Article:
Irish milk prices set to break through the 30c/L barrier

Milk prices should break through the 30c/L barrier this month, according to IFA Dairy Committee Chairman Sean O’Leary.

“We have continued to see a significant fall back in milk output across the EU, so there is every prospect of the co-ops adding another 1c/L on to the price they pay for December milk.

“And that should get us through the 30c barrier,” he said.

O’Leary believes that the prospect for dairy prices remains positive right up to the end of June this year.

“I don’t think European farmers will be able to turn the milk production tap back on that quickly, such was the scale of culling that took place at the back end of last year. Many farmers will also prioritise on paying back debt, before they consider increasing output.

“All of this bodes well for Irish milk prices over the coming months.”

O’Leary welcomes what he regards as the strategic way the EU Commission is selling off intervention dairy stocks.

“It’s clear they are not going to offload powder stocks in a way that will undercut the market. And, again, this is extremely positive.

“Only 42t of intervention stocks were sold prior to Christmas with Brussels sticking to its previously made commitment of not under selling this product.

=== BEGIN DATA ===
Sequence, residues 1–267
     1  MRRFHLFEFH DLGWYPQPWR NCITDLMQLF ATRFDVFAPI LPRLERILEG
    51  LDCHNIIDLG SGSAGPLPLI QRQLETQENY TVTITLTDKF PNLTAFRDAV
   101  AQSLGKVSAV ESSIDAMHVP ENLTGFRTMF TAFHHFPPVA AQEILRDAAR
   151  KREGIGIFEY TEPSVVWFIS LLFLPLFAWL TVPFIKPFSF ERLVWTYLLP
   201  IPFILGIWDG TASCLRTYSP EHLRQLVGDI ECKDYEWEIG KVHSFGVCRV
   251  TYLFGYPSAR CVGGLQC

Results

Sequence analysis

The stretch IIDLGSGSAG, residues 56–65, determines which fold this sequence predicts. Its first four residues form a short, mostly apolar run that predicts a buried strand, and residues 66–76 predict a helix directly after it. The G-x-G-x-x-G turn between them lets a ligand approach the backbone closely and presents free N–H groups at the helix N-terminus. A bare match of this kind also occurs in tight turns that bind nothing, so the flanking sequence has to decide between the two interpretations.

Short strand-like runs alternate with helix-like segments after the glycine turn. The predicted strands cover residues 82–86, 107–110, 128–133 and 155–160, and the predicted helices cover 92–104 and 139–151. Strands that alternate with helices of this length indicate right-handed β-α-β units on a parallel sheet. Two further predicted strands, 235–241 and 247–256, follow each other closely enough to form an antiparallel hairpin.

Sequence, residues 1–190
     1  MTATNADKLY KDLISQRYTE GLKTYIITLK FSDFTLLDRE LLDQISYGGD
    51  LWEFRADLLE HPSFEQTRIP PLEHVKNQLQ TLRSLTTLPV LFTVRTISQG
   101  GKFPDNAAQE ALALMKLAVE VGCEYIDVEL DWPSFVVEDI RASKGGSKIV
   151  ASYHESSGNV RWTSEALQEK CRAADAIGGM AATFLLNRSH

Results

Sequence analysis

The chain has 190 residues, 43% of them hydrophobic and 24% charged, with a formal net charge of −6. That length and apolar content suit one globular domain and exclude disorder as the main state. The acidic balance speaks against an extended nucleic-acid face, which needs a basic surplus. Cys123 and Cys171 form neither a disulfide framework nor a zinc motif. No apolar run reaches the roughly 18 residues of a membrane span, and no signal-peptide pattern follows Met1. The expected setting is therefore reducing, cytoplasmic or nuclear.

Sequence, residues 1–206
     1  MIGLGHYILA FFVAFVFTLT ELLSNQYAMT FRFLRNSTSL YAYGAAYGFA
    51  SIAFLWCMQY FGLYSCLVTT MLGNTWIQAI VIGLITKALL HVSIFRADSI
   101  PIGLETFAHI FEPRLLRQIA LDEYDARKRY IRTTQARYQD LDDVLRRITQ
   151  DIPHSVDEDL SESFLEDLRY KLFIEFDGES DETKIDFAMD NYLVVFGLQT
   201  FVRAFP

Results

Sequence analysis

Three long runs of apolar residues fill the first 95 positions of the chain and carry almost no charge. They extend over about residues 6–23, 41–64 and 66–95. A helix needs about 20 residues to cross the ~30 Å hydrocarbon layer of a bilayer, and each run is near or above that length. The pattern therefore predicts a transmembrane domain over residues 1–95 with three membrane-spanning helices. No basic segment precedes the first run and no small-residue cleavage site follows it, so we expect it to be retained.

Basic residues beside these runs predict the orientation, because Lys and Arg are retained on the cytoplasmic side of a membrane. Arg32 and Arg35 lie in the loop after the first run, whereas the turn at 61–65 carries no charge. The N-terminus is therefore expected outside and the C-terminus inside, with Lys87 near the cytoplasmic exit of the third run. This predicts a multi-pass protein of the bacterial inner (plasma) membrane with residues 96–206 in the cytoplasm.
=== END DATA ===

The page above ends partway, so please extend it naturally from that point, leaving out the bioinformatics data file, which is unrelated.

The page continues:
“It is crucially important for this policy to be maintained.”

The IFA representative pointed out that the availability of ‘competitively priced loans’ [the low-cost loan scheme] courtesy of the Strategic Banking Corporation of Ireland (SBCI), will also help boost confidence within the dairy sector.

My understanding is that the measure will come on stream later in January.

“But, obviously, we need to see the detail and specifically the role which will be played by Ireland’s pillar banks in making this happen.”

Meanwhile, Rabobank has confirmed that milk supply from the world’s main dairy export regions fell by 2.6m tonnes during the second half of 2016. T

his trend is most discernible in New Zealand and the EU.

In addition, domestic demand for dairy products in the United States and Europe has continued to strengthen. As a result, global dairy prices have rocketed upwards, increasing by over 45% in the second half of 2016.

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